On a rate basis, Key and Wells (first stint) were very similar with the Yankees. Key missed almost an entire season to injury and Wells was traded away mid-contract, plus both guys were key parts of a World Series winner. Without going ridiculously in depth (this is only a mailbag, after all), I’d say Wells was the better pickup because he was more durable and then flipped for arguably the best pitcher in baseball at the time. Not sure there’s a wrong answer here, both were very good in pinstripes.
Via Joel Sherman: For the very first time, someone with the Yankees acknowledged David Robertson will be the team’s closer this coming season. “I have a lot of confidence in Robertson and so does [Joe Girardi],” said Hal Steinbrenner. “Robertson is going to be our closer, and I believe he will do a good job. We have done a lot to improve our team and we just have to understand that you cannot be perfect everywhere.”
Robertson, 28, has been one of the top setup men in baseball these last three years (1.91 ERA and 2.31 FIP) and has done pretty much everything you could ask a potential closer to do before actually giving him the job. I want the Yankees to add some more bullpen arms but making Robertson the closer is the right move. There’s nothing left for him to prove in a setup role and if the Yankees don’t let him close in 2014, some other team will give him that opportunity when he hits free agency after the season.
Via Joel Sherman: The Yankees and David Robertson have agreed to a one-year, $5.215M contract, avoiding arbitration. He was projected to receive $5.5M by Matt Swartz. Robertson had a 2.04 ERA (2.61 FIP) with a career best 4.28 K/BB ratio in 66.1 innings last year.
New York’s only remaining unsigned arbitration-eligible player is Ivan Nova, who is projected for a $2.8M salary. They’ve already reached one-year deals with Robertson, Brett Gardner ($5.6M), Shawn Kelley ($1.7625M), and Frankie Cervelli ($700k). Today is the deadline for the two sides to file salary figures.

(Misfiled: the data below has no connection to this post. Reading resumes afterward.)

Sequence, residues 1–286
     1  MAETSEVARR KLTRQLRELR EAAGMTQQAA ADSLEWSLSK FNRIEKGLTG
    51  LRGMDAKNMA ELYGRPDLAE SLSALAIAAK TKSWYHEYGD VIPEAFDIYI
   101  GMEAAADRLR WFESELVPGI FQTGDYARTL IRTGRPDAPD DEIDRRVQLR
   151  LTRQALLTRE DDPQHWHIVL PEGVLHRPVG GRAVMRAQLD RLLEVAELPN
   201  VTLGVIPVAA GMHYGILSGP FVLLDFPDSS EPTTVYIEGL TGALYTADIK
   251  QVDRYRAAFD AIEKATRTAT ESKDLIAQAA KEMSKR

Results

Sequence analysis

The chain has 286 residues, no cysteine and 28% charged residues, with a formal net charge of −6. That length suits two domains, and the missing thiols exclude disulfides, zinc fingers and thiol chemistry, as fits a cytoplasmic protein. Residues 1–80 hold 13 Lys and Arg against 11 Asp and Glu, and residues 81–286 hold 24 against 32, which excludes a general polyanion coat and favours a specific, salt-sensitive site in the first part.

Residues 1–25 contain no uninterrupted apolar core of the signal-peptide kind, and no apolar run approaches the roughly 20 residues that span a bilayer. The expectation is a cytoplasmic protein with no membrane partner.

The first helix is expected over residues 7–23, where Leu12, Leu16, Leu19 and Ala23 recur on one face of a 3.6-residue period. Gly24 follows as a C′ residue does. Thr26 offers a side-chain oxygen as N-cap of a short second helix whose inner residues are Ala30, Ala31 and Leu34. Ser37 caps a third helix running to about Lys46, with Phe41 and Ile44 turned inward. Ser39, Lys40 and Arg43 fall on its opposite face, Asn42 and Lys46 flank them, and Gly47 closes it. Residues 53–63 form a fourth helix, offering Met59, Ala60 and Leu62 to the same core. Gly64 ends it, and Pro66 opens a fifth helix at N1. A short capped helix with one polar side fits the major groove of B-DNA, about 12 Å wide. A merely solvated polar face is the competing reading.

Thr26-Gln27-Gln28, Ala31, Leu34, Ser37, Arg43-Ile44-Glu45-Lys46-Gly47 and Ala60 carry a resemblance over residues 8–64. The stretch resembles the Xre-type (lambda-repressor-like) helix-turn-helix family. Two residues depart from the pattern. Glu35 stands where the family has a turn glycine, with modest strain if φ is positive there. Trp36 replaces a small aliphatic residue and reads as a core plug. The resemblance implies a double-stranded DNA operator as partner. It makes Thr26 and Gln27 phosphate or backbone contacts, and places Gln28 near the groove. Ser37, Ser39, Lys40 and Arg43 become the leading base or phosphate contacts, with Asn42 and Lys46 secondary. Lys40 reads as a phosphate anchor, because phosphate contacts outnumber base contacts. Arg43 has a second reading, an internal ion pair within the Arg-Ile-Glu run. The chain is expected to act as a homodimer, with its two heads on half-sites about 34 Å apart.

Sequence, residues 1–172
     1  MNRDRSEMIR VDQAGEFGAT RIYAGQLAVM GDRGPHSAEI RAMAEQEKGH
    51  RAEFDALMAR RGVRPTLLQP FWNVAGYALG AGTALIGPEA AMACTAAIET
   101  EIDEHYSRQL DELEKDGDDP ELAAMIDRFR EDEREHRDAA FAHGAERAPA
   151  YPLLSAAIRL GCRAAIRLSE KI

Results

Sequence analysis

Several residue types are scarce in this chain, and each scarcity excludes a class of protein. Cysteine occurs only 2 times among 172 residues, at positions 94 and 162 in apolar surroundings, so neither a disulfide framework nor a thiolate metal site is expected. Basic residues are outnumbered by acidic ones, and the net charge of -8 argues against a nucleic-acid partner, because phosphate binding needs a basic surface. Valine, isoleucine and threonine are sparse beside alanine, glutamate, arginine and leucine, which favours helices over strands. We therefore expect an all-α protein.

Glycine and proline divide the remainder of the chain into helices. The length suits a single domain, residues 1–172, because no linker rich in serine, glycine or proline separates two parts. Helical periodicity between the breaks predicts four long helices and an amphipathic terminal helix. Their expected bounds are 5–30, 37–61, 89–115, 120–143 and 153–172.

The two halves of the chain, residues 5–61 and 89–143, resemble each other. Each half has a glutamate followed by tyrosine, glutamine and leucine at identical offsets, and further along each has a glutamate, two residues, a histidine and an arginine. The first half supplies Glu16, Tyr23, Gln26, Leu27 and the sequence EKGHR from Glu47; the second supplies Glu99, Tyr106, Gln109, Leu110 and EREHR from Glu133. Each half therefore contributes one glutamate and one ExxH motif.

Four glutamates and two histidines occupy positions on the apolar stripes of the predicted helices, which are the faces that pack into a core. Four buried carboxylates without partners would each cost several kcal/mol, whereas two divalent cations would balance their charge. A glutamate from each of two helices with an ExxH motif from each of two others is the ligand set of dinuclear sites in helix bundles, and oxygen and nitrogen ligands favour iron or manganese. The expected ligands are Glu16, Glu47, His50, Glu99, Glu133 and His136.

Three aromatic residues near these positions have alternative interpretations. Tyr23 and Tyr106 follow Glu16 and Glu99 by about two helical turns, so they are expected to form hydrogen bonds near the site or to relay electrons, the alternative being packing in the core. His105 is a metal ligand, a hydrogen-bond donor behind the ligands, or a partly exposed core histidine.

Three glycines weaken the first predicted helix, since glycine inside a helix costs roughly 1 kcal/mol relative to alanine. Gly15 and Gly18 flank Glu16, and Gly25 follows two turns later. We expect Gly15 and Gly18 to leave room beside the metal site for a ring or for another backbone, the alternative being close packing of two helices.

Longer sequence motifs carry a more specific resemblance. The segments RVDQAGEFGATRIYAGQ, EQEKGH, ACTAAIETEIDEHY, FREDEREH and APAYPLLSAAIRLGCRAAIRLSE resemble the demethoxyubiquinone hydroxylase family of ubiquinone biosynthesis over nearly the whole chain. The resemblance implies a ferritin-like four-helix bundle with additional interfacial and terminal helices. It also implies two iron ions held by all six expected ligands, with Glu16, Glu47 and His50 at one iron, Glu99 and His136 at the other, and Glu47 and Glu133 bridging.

As expected, the Yankees’ five eligible players all filed for salary arbitration prior to today’s deadline. Those five players, with their projected 2014 salaries courtesy of Matt Swartz, are David Robertson ($5.5M), Brett Gardner ($4M), Ivan Nova ($2.8M), Shawn Kelley ($1.5M), and Frankie Cervelli ($1M). The players’ union expects Gardner’s salary to be “considerably higher” than projected.
Filing for arbitration is just a procedural move. Had these guys not filed today, the Yankees would have been able to pay them whatever they wanted this coming season, as long as it was at least 80% of last year’s salary. The two sides have to exchange figures by Friday, meaning the team says what they want to pay while the player says what he wants. Arbitration hearings will be held next month and the Yankees have not been to one since beating Chien-Ming Wang prior to the 2008 season. The two sides can work out a contract of any size right up to the hearing.
In replacing the 145 bullpen innings they’ve lost, the Yankees certainly need outside reinforcements. They might have a few internal players to fill some of those innings, but we can’t expect them to find all 145 within the organization. A couple of acquisitions seem probable.